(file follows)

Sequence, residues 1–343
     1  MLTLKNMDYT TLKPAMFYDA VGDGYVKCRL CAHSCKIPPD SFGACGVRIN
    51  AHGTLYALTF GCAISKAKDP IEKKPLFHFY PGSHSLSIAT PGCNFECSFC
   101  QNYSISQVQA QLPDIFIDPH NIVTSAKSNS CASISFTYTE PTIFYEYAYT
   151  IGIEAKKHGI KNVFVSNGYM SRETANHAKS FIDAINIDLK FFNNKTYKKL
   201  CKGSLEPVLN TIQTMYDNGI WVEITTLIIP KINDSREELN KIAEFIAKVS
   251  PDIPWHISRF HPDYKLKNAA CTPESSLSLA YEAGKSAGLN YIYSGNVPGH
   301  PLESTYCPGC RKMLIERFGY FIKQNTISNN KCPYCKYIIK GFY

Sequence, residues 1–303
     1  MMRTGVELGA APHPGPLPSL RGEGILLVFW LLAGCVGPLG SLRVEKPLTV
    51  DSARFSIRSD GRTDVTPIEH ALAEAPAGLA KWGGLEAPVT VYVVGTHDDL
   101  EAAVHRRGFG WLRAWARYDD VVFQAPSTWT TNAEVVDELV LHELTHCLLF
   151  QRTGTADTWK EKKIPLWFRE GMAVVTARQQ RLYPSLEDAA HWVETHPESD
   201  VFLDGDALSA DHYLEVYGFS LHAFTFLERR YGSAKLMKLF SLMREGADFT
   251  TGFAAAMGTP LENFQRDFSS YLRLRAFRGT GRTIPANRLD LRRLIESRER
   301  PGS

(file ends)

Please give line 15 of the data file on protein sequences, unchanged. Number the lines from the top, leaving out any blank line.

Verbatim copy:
   251  TGFAAAMGTP LENFQRDFSS YLRLRAFRGT GRTIPANRLD LRRLIESRER